Q&A woodburning insert direct connection

QandA Posted By QandA, May 23, 2002 at 2:20 PM

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  1. QandA

    New Member 2.
    Staff Member

    Nov 27, 2012

    We are shopping around for a new wood burning fireplace insert to replace our old pre epa buck insert.The old buck insert did not have a dc pipe and the fireplace damper is to small for a 6 inch diameter pipe to pass thru for a new insert installation. What do we have to do to install a new insert dc pipe at least 5 feet up thru the damper space?


    Hi, In lieu of removing the damper frame of your fireplace, you will need to get an ovalized stainless steel connector to go through the narrow damper opening. That should get you through the damper and the smoke chamber above. It is, however, important that you extend your pipe further and into the tile liner. I don't know the size of your tile liner but it may be possible to extend the oval connector into the flue. If not, you should attach a section of pipe to ensure that this is done. Then, you must seal off the area around the ovalized pipe as it passes through the damper. Some folks simply stuff fiberglass insulation but this can harden from the heat against the pipe causing air leaks. And, fiberglass is porous so again, air leaks can occur. Air leaks at the damper equals potential poor draft conditions----the death of any wood stove or insert. Most good professionals use sheet metal instead, and seal off with high temperature silicone. Although more expensive, you may wish to consider relining your chimney all the way with stainless steel. This would be good for 10-15 years. Relining will give you better performance, and make cleaning a snap because you just clean the pipe. If not, you must remove the whole pipe assembly and clean it and then clean the entire chimney as well. And, you'll need to remove the insert while this is being done. Go to this section to do a little more research to confirm what I'm saying.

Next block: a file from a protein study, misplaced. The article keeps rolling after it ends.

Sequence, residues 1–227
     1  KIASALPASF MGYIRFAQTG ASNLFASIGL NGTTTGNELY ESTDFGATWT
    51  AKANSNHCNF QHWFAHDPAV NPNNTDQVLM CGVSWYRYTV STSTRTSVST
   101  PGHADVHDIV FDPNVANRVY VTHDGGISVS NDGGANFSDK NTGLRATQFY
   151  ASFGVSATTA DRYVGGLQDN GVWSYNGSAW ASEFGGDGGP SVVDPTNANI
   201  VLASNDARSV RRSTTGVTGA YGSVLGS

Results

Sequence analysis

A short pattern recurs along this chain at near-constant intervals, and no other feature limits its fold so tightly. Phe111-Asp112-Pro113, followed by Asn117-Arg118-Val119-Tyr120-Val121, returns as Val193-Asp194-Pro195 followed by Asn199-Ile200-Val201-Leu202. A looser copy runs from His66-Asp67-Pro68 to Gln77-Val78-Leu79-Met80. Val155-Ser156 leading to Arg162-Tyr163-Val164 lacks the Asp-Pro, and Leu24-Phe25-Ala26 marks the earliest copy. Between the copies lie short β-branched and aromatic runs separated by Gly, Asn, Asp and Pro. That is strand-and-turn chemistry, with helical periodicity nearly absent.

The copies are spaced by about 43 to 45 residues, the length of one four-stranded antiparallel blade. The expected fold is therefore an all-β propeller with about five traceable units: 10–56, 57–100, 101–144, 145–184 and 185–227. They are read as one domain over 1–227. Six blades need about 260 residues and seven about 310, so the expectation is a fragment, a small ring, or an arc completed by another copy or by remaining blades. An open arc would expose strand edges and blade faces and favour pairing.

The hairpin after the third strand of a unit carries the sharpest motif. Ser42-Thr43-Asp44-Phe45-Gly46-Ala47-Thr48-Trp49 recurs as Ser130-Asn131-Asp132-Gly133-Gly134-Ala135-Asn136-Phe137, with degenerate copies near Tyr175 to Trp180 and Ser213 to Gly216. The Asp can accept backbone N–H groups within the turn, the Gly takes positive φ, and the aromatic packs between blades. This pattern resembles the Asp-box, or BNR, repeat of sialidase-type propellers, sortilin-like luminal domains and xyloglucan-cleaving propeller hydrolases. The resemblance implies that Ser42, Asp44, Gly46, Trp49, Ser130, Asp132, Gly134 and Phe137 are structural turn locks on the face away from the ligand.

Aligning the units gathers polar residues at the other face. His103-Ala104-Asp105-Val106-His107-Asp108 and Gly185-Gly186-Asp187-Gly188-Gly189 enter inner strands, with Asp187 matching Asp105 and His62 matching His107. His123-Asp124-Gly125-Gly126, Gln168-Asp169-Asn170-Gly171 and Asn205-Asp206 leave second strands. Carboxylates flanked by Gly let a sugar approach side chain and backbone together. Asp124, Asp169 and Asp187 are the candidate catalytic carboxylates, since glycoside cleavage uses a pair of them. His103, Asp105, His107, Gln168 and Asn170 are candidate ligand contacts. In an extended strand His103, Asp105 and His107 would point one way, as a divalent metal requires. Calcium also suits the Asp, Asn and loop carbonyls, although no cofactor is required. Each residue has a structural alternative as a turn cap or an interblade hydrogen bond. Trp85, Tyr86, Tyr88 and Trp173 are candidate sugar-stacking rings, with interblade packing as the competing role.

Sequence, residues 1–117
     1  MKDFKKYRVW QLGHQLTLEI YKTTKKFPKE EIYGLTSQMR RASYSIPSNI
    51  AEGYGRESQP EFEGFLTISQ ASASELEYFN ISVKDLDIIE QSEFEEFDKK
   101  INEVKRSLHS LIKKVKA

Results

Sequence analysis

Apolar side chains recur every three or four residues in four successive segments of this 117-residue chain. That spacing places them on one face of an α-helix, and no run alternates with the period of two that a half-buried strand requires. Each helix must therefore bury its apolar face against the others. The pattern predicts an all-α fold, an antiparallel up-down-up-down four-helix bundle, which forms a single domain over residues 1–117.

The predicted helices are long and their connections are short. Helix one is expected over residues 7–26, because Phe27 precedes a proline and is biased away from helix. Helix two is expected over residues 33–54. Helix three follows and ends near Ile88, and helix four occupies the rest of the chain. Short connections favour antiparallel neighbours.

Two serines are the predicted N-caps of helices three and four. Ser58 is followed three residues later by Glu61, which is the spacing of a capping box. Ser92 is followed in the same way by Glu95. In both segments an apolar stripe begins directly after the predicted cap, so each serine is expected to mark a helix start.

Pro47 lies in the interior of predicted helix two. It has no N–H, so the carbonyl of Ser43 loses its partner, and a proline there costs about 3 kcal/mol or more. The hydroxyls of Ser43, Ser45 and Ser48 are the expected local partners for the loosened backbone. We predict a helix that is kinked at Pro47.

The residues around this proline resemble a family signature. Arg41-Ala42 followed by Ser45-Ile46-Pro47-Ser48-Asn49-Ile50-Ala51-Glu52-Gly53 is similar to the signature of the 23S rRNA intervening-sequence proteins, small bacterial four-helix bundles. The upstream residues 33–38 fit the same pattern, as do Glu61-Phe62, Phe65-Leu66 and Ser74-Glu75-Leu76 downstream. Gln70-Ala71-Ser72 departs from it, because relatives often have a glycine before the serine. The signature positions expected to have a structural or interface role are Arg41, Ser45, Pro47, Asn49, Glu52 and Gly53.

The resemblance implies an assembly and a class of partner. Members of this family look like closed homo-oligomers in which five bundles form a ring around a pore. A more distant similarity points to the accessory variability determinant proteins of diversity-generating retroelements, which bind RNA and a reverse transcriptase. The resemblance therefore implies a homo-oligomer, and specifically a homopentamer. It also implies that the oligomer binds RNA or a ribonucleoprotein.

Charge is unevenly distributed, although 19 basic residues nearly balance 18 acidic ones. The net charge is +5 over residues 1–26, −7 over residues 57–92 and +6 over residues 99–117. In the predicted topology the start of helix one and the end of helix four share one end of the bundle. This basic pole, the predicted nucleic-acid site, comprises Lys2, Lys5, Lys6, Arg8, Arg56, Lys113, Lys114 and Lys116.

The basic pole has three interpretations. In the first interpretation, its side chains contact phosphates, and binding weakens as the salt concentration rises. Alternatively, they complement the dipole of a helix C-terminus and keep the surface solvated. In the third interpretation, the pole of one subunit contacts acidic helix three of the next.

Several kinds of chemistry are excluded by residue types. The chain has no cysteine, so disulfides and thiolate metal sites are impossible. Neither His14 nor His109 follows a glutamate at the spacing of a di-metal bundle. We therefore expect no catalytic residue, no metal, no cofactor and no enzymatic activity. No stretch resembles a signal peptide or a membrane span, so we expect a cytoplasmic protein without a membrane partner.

Measure or have measured your damper opening & flue liner. Then talk with your local retail hearth shop or chimney sweep to find out pipe options/prices. That's your best starting point. Good luck.

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